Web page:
Ear Infections

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An ear infection like most other infection is usually caused by a bacterial or viral infection. These infections typically affects the middle ear where it contains the tiny vibrating bones of the ear. Once infected, the ear becomes swollen and results in a buildup of fluids inside the ear.

macro photography of babys ear

Signs and symptoms common in children include:

 Ear pain, especially when lying down

 Tugging or pulling at an ear

 Difficulty sleeping

 Crying more than usual

 Acting more irritable than usual

 Difficulty hearing or responding to sounds

 Loss of balance

 Fever of 100 F (38 C) or higher

 Drainage of fluid from the ear

 Headache

 Loss of appetite

Adults

Common signs and symptoms in adults include:

 Ear pain

 Drainage of fluid from the ear

 Diminished hearing

When to see a doctor?
Signs and symptoms of an ear infection can indicate a number of conditions. It’s important to get an accurate diagnosis and prompt treatment.

 Symptoms last for more than a day

 Ear pain is severe

 Your infant or toddler is sleepless or irritable after a cold or other upper respiratory infection

 You observe a discharge of fluid, pus or bloody discharge from the ear

An adult with ear pain or discharge should also see a doctor as soon as possible.

Risk Factors for ear infections: 

 Age. Children between the ages of 6 months and 2 years are more susceptible to ear infections because of the size and shape of the Eustachian tubes and because of their poorly developed immune systems.

 Group child care. Children cared for in group settings are more likely to get colds and ear infections than are children who stay home because they’re exposed to more infections, such as the common cold.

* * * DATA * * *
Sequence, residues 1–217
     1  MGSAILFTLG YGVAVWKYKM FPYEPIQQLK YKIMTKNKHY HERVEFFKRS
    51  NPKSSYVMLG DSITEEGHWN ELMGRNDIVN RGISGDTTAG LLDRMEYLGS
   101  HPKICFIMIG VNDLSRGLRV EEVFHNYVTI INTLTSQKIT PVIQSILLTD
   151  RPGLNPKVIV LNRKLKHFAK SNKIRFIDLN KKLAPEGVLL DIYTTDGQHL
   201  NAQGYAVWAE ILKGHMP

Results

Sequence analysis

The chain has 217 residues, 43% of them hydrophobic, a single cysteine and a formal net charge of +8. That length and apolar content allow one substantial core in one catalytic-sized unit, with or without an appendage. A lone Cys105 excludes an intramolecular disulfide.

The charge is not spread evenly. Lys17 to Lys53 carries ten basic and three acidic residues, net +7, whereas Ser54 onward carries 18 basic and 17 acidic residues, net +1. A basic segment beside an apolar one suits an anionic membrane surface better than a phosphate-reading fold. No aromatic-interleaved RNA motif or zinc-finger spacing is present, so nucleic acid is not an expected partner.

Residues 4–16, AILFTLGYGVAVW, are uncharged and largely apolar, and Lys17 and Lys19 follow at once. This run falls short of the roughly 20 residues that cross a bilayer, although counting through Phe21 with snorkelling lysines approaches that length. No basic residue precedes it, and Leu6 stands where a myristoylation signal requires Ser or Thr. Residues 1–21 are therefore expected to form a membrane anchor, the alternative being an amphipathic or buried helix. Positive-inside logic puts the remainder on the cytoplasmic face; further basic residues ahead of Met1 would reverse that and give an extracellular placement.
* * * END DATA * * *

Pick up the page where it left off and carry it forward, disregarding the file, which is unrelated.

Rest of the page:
 Infant feeding. Babies who drink from a bottle, especially while lying down, tend to have more ear infections than do babies who are breast-fed.

 Seasonal factors. Ear infections are most common during the fall and winter when colds and flu are prevalent. People with seasonal allergies may have a greater risk of ear infections during seasonal high pollen counts.

 Poor air quality. Exposure to tobacco smoke or high levels of air pollution can increase the risk of ear infection.

Managing Pain
Your doctor will advise you on treatments to lessen pain from an ear infection. These may include the following:

 A warm compress.

 Pain medication.

 Ear drops. Prescribed ear drops.

 Prevent common colds and other illnesses.

 Avoid secondhand smoke.

Talk to a doctor about vaccinations. Ask your doctor about what vaccinations are appropriate for your child. Seasonal flu shots and pneumococcal vaccines may help prevent ear infections.

Dr.Paul Kattupalli’s approach to Treatment of Ear Infections: 

The diagnosis of acute otitis media (AOM) requires bulging of the tympanic membrane or other signs of acute inflammation and middle ear effusion. The importance of accurate diagnosis is crucial to avoidance of unnecessary treatment.